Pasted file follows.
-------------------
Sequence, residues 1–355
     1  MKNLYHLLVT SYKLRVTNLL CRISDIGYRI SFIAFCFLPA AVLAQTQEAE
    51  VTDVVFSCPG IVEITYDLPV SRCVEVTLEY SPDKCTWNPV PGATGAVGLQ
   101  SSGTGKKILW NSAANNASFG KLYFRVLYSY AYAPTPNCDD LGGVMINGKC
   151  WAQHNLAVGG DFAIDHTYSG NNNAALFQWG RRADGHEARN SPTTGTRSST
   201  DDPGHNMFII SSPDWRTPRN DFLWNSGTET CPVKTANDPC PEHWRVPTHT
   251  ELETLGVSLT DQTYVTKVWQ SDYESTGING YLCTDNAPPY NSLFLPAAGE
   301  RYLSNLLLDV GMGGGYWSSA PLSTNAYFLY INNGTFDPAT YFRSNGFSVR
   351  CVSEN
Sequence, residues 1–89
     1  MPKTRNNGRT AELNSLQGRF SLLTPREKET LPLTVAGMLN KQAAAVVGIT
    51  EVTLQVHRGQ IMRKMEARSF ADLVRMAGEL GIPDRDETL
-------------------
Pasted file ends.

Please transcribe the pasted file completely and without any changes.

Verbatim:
Sequence, residues 1–355
     1  MKNLYHLLVT SYKLRVTNLL CRISDIGYRI SFIAFCFLPA AVLAQTQEAE
    51  VTDVVFSCPG IVEITYDLPV SRCVEVTLEY SPDKCTWNPV PGATGAVGLQ
   101  SSGTGKKILW NSAANNASFG KLYFRVLYSY AYAPTPNCDD LGGVMINGKC
   151  WAQHNLAVGG DFAIDHTYSG NNNAALFQWG RRADGHEARN SPTTGTRSST
   201  DDPGHNMFII SSPDWRTPRN DFLWNSGTET CPVKTANDPC PEHWRVPTHT
   251  ELETLGVSLT DQTYVTKVWQ SDYESTGING YLCTDNAPPY NSLFLPAAGE
   301  RYLSNLLLDV GMGGGYWSSA PLSTNAYFLY INNGTFDPAT YFRSNGFSVR
   351  CVSEN
Sequence, residues 1–89
     1  MPKTRNNGRT AELNSLQGRF SLLTPREKET LPLTVAGMLN KQAAAVVGIT
    51  EVTLQVHRGQ IMRKMEARSF ADLVRMAGEL GIPDRDETL